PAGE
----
But was that interpretation authorized? Initially, the D.C. Circuit appeared to say “yes,” in its review of the NOx SIP Call. See Michigan v. EPA, 213 F.3d 663, 674-80 (D.C. Cir. 2000). However, a strong dissent in that case by Judge Sentelle and vacillations by challengers, as depicted in detail by theMichigan majority, created doubt about the staying power of that “yes.” Id. at 676-77. Subsequently, in the CAIR case, Judge Sentelle was a member of the three judge panel. He displayed during oral argument his unhappiness with the Michigan decision. The resulting per curiam decision, while purporting to honor Michigan, nonetheless found that CAIR’s cap-and-trade system could allow a quantitatively significant contribution by one state to nonattainment in a downwind state to persist indefinitely, contrary to the panel’s reading of the Good Neighbor provision. The court decided to vacate CAIR, saying: “In Michigan, we never passed on the lawfulness of the NOx SIP Call’s trading program.”7 North Carolina v. EPA, 531 F.3d 896, 908 (D.C. Cir. 2008). When the Transport Rule came before the D.C. Circuit in 2011, industry petitioners thus had an opening to challenge that rule’s definition of neighborliness – i.e., the achievement of insignificant contributions by the application of cost-effective controls, as mediated by a regional cap-and-trade program. See EME Homer City Generation, L.P. v. EPA, 696 F.3d 7 (D.C. Cir. 2012). In response to that challenge, the majority in effect adopted Judge Sentelle’s reading of the Good Neighbor provision in Michigan, interpreted EPA’s virtual elimination of the two year grace period prior to FIP issuance as a violation of the CAA principle of cooperative federalism and vacated the Transport Rule, denying petitions for rehearing and allowing the court’s mandate to issue.
Decision of the Supreme Court in EME Homer City
On writ of certiorari to the D.C. Circuit, the Supreme Court held that the term “significantly” in the Good Neighbor provision is ambiguous, particularly in the complex context of interstate transport, and that EPA’s definition “is a permissible, workable, and equitable interpretation” of that provision, requiring deference by federal court under Chevron’s analytical framework. See slip op. at 32; Chevron U. S. A. Inc. v. Natural Resources Defense Council, Inc., 467 U. S. 837 (1984). The Court warned, however, that EPA lacks authority to force a state to reduce its emissions beyond the threshold level of significant (appreciable) contribution, regardless of the cost-effectiveness of achieving such reduction, and that a state thus aggrieved would be able to bring “a particularized, as applied challenge” to the Transport Rule. Id. at 31; see also, id. at 29. The Court also upheld EPA’s power to shorten the two-year, pre-FIP grace period as EPA sees fit. In view of those holdings, the Court reversed the judgment of the D.C. Circuit and remanded the cases for further proceedings.8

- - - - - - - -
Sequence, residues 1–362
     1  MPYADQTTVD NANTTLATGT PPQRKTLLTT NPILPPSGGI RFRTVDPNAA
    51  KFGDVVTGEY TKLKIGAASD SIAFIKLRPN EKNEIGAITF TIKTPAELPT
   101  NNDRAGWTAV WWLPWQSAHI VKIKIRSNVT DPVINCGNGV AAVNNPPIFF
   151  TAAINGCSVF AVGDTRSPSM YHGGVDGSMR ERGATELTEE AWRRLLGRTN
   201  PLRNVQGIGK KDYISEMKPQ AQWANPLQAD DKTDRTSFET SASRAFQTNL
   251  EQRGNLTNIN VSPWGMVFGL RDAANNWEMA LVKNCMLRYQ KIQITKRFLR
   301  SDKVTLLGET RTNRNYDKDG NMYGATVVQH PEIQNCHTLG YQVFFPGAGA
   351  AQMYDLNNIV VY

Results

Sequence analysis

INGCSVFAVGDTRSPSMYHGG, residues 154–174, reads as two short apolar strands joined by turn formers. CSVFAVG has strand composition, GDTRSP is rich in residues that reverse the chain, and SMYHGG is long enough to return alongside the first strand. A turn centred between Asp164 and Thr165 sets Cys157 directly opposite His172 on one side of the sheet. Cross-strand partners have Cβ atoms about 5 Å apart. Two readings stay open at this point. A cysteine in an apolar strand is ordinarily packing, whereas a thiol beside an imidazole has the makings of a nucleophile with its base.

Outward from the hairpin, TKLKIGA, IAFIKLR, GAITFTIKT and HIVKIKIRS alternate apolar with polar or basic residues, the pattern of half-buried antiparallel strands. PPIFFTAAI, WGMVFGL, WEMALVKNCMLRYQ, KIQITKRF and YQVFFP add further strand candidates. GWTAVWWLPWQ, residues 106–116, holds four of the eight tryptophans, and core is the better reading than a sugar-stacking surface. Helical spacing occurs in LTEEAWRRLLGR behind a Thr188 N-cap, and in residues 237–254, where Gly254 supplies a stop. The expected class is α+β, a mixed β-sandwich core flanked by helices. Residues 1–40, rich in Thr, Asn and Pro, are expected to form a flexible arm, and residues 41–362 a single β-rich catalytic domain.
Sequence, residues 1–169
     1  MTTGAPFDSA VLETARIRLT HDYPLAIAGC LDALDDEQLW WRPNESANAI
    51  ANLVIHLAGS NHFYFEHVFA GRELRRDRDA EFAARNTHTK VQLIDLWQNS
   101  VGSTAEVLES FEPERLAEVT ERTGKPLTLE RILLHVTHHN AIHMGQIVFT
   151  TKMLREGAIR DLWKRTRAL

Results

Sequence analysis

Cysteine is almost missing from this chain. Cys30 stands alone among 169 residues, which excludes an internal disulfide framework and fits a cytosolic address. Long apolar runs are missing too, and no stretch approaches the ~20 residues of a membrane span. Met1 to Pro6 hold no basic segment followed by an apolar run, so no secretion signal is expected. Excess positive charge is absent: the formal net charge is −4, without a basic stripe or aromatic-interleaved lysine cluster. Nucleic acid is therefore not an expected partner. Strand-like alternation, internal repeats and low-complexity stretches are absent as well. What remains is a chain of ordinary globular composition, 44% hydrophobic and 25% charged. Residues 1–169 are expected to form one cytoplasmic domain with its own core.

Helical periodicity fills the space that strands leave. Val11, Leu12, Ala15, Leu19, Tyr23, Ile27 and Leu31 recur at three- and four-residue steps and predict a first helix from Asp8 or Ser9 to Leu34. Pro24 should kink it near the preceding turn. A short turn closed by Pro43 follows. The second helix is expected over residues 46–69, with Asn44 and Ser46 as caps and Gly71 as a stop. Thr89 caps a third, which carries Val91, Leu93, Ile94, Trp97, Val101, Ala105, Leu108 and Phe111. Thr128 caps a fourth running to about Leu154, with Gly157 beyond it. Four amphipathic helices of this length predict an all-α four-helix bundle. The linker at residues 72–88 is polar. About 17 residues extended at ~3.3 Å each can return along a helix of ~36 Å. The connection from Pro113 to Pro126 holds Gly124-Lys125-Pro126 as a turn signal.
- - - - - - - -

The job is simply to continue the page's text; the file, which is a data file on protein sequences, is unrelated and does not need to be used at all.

Immediate Implications of EME Homer City
On remand, the D.C. Circuit faces various unresolved challenges and housekeeping tasks. In EME Homer City (No. 11-1302 and consolidated cases), some states may reactivate their petitions claiming that EPA improperly changed prior SIP approvals into disapprovals in order to impose the Transport Rule. See slip op. at 14 n.12. States or power plants may petition the D.C. Circuit for review of the Transport Rule on an “as applied” basis, as suggested by the Supreme Court. It is unclear whether the interim stay issued by the D.C. Circuit in December 2011 of the effectiveness of the Transport Rule remains in effect despite the reversal by the Supreme Court. At stake is whether CAIR continues in effect, and EPA may move for clarification on this issue. Also, the D.C. Circuit and UARG, et al. will need to sort out whether to proceed with a technical claim (No. 11-1358) related to electronic reporting that was severed from the EME Homer City case and put on hold pending Supreme Court decision. Also, two states have petitioned the D.C. Circuit for review of EPA’s disapproval of their particular interstate transport SIP provisions, namely: Kansas and Georgia.9 Finally, the court will have to decide whether the environmental petitioners’ challenge to guidance that EPA issued in response to the court’s now-reversed decision in EME Homer City is moot. See Sierra Club v. EPA, No. 13-1014 (D.C. Cir.).